I sent Arthur and his clean up team in afterwards. Arthur was always efficient, discreet and touchingly anguished about the corpses he disposed of for me. Really inventive, too. He made George Eastley’s yacht disappear too, and the assumption was that they’d all gone out in conveniently rough weather, and were now somewhere at the bottom of the sea.

Local gang bosses seemed to take the hint though. To this day, no one else has made a move on that particular territory, nor on George’s old patch, which subsequently fell under control of the people who let the contract.

I know that watery grave will give up its secrets one day, and the truth of their deaths will come out. But they’ll never be connected to me.

Still, I can’t pretend it wasn’t a bad business.

I’d always thought there was something awry with my humanity; that there was an ingredient missing from my makeup that allowed me to kill without compunction or conscience. I found out that day that I wasn’t quite as cold as I thought.

Since then, my dreams have often been haunted by those children, especially the boy.

And it affected me in other ways too. Arthur refused to work for me again, saying the three kids had broken his heart. I found a new clean up team, but it wasn’t the same.

Worst still, I found I lost my taste for the work, and some of my touch, some of my sharpness too. I made a couple of mistakes: tiny ones, nothing I thought would come back to bite me, but you have to know when the writing is on the wall. I retired, made import/export a real business instead of just a cover, and became boring and ordinary for over twenty years.

I knew a kind of peace, if not fulfilment.

Now, in less than a year, everyone I cared about is dead.

And now, in a sense, my bloody past has caught up with me. Someone wants somebody out of the way and it seems that Arthur, of all people, recommended me to them if they ever needed a professional hit.

My instincts when I got the call were first, to insist the caller had got the wrong man, then to be angry that Arthur had spoken out of turn, and finally to admit my curiosity.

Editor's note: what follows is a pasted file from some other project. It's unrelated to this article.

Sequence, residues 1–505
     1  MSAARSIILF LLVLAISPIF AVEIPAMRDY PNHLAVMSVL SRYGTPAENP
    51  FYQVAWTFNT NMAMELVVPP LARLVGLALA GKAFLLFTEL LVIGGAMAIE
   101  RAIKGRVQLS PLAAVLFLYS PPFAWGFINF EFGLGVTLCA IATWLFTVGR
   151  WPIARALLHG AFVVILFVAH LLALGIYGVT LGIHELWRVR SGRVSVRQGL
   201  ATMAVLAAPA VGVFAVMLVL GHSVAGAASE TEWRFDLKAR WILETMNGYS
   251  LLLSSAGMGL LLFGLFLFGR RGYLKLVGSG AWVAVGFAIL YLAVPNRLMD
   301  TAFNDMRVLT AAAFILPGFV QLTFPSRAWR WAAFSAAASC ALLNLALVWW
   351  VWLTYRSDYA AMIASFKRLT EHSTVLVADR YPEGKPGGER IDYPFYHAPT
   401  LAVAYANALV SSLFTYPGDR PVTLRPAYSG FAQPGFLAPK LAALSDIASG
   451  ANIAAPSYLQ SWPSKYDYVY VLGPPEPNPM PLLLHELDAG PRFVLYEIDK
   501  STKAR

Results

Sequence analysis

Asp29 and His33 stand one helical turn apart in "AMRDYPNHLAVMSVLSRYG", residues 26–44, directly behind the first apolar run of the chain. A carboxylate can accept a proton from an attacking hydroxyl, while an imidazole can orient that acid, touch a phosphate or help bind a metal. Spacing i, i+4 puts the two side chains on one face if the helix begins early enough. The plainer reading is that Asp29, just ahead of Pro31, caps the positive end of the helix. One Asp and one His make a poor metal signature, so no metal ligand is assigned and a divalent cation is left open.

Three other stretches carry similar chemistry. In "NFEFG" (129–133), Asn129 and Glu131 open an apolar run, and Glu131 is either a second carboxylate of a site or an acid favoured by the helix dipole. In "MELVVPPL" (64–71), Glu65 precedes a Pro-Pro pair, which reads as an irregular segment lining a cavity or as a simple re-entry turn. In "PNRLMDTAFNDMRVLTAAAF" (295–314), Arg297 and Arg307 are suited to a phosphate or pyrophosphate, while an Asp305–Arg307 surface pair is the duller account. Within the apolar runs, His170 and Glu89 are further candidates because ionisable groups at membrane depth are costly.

One last job?

I don’t know. Since Terri and the kids died, my life has just been shuffling by without point or purpose. I’ve been wondering what it’s all about. And, somewhere along the way,  it occurred to me that, up until the Eastleys, my old profession had given me a satisfaction, even a buzz. Maybe recapturing something of that buzz is exactly what I need.

So here I am, in a clearing in a wood on the outskirts of Northumberland National Park. It’s November and I’m wrapped up warm. The leaves make a gorgeous carpet of many colours under my feet. It’s slightly damp and there’s a hint of mist in the air. But what I can see of the sky is blue and it’s a day that once I would have taken pleasure in. Now I only appreciate it in an academic way.

It gets dark early here at this time of year, and the light is already fading, along with the day’s little remaining warmth. Neutral ground where no one is likely to disturb or overhear our conversation.

I hear the brittle crunch of twigs and dead leaves, an indication that someone is approaching. He steps into the clearing, a man who is difficult to nail an age upon. He could be anything from mid twenties to late thirties. There’s a woolly hat jammed over his ears. He stops, standing a few feet away, and nods an awkward greeting.

We’re going to have to go through a slightly silly ritual now. It’s like something out of a bad spy film, but essential to ensure neither of us is the wrong person. I don’t want to blunder into a comedy conversation about murder with some bewildered passer-by.

“Not bad for the time of year,” he says, shoving his hands deeper into the pockets of his padded jacket.

I give him the agreed response. “I wonder if we’ll have snow this year.”

He lets out the breath he’s been holding, his exhalation misting in the chilly air.

“You brought what I need?” I check – a discreet reference to the fifty per cent up front required for the job, along with details of the target.

He moves closer. “Let’s talk first.”

I feel a stirring of unease. It was sometimes like this, I remember. Like they had to explain what the job was about, why they needed this person – or these people – dead. I was never interested. They didn’t have to justify themselves. Sometimes, like with the Eastleys, I could work it out for myself. But the less personal it is, the better I like it.